IT must work with human resources and facilities to ensure that they can undergo a successful workplace transformation, according to Intel's principal thought leader and strategist, Jim Henrys.
Henrys, presenting at Computing's Enterprise Mobility Summit 2014, said that workforce transformations were taking place because businesses were seeing lower cost competitors achieve parity on quality and service, and because in many instances new business models were taking away market share from traditional models.
He suggested that businesses are therefore totally rethinking how they should work - with a focus on agile working, shifting the mind-set of working to being an area rather than working in one defined place, and attention on attracting and retaining talent.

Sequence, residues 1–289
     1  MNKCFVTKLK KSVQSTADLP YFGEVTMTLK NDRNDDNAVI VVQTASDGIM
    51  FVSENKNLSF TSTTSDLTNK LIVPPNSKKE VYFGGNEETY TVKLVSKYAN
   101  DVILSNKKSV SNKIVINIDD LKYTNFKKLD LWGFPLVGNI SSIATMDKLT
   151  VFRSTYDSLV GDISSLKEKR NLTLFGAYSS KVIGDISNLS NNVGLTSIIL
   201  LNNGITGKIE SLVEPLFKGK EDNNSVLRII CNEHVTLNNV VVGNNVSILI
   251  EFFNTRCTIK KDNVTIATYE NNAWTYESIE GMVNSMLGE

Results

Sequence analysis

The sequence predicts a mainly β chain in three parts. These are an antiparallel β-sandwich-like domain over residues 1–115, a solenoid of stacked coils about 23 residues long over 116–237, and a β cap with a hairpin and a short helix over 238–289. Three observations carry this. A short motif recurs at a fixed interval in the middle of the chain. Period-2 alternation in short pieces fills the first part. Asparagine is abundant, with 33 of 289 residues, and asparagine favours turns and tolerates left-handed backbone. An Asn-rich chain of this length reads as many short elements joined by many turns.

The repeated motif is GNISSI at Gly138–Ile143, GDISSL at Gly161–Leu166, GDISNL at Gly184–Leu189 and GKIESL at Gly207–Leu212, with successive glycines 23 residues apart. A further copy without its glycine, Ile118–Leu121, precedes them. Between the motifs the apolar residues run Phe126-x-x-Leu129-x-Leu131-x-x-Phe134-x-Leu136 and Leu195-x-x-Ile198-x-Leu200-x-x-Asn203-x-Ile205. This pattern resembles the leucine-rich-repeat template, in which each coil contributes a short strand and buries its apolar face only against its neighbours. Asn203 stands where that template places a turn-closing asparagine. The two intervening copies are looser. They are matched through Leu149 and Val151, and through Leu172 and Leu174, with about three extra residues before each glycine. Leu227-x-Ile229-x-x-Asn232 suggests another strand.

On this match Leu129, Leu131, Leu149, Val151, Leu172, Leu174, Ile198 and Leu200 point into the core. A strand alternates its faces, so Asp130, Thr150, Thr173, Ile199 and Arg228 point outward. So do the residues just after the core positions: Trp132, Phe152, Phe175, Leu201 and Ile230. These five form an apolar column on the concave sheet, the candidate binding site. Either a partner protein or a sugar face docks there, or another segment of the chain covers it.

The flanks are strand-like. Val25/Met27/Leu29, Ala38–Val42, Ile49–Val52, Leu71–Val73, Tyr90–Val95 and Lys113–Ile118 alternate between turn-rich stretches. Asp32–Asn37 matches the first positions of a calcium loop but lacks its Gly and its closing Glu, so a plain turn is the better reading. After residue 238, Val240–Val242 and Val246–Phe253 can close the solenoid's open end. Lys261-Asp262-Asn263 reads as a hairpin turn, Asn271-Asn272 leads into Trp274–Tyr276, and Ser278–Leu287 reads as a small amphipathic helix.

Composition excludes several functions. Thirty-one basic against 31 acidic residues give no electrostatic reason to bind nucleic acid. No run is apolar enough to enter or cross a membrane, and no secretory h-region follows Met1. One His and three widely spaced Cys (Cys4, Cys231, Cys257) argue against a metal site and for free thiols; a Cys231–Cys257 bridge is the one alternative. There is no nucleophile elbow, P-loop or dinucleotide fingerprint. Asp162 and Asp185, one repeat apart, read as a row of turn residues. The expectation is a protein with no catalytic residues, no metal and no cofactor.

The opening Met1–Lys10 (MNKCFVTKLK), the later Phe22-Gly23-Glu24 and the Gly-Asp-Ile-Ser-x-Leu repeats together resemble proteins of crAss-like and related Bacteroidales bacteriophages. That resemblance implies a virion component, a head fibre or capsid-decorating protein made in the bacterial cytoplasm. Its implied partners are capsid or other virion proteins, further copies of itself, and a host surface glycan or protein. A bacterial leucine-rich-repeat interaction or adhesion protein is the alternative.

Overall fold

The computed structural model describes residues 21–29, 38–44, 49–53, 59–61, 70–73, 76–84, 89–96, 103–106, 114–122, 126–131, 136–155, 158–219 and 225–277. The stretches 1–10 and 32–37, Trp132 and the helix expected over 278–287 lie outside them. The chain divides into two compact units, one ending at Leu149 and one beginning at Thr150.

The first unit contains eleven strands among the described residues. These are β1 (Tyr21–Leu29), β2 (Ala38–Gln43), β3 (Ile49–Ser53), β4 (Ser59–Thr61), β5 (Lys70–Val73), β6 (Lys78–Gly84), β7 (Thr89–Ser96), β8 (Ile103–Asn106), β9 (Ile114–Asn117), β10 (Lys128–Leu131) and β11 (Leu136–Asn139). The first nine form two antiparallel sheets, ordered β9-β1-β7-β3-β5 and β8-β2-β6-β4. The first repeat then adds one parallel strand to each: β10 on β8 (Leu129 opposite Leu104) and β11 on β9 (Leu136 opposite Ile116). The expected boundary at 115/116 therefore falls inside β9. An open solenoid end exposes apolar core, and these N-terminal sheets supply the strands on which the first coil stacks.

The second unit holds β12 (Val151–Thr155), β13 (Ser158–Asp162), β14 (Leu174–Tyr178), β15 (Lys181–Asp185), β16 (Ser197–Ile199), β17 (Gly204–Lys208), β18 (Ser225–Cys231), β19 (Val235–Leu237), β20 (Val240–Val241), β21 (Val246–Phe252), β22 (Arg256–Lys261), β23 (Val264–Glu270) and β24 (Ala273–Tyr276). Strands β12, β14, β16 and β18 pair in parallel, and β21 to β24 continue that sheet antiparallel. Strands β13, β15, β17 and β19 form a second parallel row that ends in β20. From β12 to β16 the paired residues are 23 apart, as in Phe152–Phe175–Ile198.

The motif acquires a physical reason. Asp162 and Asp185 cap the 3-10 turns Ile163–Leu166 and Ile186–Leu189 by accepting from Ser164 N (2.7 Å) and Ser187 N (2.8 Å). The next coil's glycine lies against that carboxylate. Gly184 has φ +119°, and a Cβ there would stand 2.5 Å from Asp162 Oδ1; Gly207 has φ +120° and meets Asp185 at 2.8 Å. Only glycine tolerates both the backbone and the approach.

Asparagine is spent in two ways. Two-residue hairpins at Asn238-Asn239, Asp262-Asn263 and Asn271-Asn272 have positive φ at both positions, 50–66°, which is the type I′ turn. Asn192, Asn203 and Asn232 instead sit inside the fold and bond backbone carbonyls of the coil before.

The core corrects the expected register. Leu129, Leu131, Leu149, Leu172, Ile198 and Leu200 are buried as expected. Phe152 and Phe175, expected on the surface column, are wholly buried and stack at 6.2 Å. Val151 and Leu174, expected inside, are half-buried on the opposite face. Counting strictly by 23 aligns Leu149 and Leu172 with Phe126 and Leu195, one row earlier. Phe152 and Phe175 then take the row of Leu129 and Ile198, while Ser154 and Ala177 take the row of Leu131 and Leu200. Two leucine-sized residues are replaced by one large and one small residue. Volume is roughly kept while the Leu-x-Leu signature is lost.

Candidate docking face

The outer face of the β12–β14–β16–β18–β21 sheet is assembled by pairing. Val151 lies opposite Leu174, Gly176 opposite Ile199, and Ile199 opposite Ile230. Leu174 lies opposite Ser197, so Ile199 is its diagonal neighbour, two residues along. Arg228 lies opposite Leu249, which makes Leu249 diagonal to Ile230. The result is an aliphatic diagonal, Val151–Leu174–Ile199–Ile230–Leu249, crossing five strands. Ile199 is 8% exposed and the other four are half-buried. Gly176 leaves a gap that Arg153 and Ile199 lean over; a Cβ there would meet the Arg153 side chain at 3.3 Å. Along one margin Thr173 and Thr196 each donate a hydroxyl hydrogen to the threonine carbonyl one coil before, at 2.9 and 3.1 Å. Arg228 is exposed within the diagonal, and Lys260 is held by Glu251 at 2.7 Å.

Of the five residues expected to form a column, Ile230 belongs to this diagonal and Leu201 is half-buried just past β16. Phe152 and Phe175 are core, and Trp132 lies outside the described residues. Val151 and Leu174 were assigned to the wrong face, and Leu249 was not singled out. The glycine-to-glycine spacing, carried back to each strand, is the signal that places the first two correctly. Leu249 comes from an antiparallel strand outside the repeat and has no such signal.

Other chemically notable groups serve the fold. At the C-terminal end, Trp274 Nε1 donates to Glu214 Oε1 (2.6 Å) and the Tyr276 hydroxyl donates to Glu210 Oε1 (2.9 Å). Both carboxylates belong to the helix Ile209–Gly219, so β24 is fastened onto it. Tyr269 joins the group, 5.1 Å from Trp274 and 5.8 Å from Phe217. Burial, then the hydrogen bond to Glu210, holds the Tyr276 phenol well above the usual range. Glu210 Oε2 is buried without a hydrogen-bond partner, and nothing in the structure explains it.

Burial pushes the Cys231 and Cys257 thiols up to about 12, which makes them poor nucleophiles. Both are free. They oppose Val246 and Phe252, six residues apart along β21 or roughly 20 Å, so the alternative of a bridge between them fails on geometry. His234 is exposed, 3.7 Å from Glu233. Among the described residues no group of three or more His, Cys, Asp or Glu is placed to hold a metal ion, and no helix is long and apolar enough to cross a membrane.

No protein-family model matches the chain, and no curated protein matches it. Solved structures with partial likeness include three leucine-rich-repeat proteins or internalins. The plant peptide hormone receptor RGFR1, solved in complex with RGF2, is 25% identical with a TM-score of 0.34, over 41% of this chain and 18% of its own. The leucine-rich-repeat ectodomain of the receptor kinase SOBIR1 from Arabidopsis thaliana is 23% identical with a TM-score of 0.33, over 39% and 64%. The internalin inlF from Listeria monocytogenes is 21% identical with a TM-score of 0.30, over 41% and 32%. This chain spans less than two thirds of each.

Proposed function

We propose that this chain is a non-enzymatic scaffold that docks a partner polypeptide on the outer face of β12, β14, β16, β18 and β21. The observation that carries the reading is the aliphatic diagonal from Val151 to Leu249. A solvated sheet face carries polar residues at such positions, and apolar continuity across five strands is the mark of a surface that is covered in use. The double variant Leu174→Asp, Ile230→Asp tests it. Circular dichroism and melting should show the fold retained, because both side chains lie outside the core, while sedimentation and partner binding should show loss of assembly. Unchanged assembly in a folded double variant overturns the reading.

"There is a big focus on attracting and retaining talent, especially 'millennials', who are straight out of university. Top talent today isn't as motivated by money as previous generations, and they are flocking to start-ups, so big organisations have to do their best to attract these people," Henrys said.
A major attraction for these candidates is the ability to work with "Minority Report-esque" flexibility, he said, but this wasn't something that was a reality in most businesses - although some technology, such as wireless charging of devices and full facial recognition for passwords, is being rolled out at the moment.
Henrys emphasised the important role that HR and IT play when organisations undergo workforce transformation, but said that the facilities department, often overlooked, was also integral to the process.
"What we've learnt at Intel when going through our own transformation is facilities is absolutely a big part of this and it is really important that other businesses take this on board," he said.
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